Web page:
Morocco Imperial Cities tour takes you to the four Imperial Cities in 8 days. Beginning in Casablanca, and then heading north to Meknes. We continue into the interior of the Northern Atlas Mountains to visit the medieval city of Fez. See many fascinating historical sites on the way. After Fes, journey to Moulay Idriss and Rabat to Marrakesh. Move on to explore enchanting Marrakesh before you return to Casablanca for departure. A tour giving you a true and deep insight into the country.
At a glance
|SAT||Arrive Casablanca. Meet and transfer to your hotel|
|SUN||Casablanca city tour - Meknes - Fes|
|MON||Full day sightseeing tour of Fes|
|TUE||Fes - Moulay Idriss - Rabat - Marrakech|
|WED||Full day tour of Marrakesh|
|THU||Marrakesh: day at leisure|
|FRI||Marrakesh - Casablanca|
|SAT||Transfer to Casablanca Airport|
> Weekly departures(Saturday)
> Two meals Daily
> Half day sightseeing tours of Casablanca and Rabat
> See the Imperial past of Meknes and the impressive Roman Ruins in Volubilis
> Spend a full day touring Fes, the cultural capital of Morocco
> Explore the sites and sounds of the Marrakech, a city that moves on its own beat
> Pick up some bargains as you venture souks and handicraft quarters
- Welcome at Mohammed V airport by the tour representative.
- Delivery of your vouchers and the documents of your trip.
- Brief review of the tour during your transfer to the hotel.
- Check-in at your hotel.
- Dinner (Restaurant closes at 10:30 pm no dinner served in the room )
- Overnight at your hotel in Casablanca
Casablanca - Meknes - Fes (B/D)
- Visit of the Economic Capital: The Central Market, the Habous district, the Royal Palace, the Mohamed V square, the residential area of Anfa and the outside of the Mosque Hassan II.
- Departure to Meknes.
- Optional lunch.
- Then visit of the Ismailia capital, which has the longest ramparts in Morocco (40 km): the famous Bab
- Mansour gate, the Royal Stables and the Jewish quarter.
- Continue to Fez.
- Dinner and accommodation.
- The whole day is devoted to the visit of the spiritual capital, the Medieval Medina, Attarine or Bou Anania Medersa, the Nejjarine fountain, the Moulay Idriss mausoleum, and the outside Karaouine Mosque.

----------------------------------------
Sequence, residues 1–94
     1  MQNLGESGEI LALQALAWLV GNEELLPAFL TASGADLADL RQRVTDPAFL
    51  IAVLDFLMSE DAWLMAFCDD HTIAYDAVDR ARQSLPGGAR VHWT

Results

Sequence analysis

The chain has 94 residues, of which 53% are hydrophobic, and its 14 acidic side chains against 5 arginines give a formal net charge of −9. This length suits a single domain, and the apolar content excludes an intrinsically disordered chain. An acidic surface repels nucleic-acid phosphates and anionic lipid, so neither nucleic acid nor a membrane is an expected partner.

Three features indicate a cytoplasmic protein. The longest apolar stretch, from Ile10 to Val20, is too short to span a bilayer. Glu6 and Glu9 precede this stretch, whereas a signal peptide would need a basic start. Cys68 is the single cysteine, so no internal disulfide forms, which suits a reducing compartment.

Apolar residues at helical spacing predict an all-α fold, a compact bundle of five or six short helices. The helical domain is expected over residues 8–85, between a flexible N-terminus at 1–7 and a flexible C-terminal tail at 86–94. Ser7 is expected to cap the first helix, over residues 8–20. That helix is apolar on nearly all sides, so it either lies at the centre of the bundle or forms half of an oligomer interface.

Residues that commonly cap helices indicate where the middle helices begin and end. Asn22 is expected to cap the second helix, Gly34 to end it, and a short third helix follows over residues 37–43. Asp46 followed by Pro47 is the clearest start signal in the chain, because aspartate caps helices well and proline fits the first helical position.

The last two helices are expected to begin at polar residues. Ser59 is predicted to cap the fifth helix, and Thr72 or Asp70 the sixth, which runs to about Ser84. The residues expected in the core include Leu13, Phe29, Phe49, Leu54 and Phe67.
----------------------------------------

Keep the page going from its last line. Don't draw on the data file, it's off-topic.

- Typical lunch (optional) in a traditional restaurant located in the heart of Medina.
- Afternoon, explore the souks and Fez Jdid.
- Dinner and overnight at your hotel.
- Meet and assist on arrival and departure by our local representative
- Sightseeing tours and intercity transfers as per itinerary in AC vehicle
- Accommodation in selected hotels in double/twin sharing
- Meals: as mentioned
- Local English Speaking Guide
- Entrance fees
- International – Departure & Fuel taxes (Contact us for best airfares)
- Personal expenses, meals and drinks unless otherwise specified
- Travel insurance
- Moroccan visa fee
- Services not stated in the itinerary
- Rate valid for travel 2019
FEB 16 - 23 JUN 01 - 08 - 15 - 22 - 29 JULY 06 - 13 - 20 - 27 AUG 03 - 10 - 17 - 24 - 31 SEP 07 - 14 - 21 - 28
Call us for rates for travel on alternative dates
Best time to go
Spring (April and May) and Fall (September and October) are perhaps the best times to take a Morocco Tour. With a summer climate in the south and in the mountains, as well as on the Mediterranean and Atlantic coasts. Winter can be perfect by day in the south, though desert nights can get very cold. Traveling the Sahara desert is idyllic during the months of November to February. The south is isolated from the rest of Morocco and is arguably the most hospitable, breath-taking and culturally interesting of any region in the country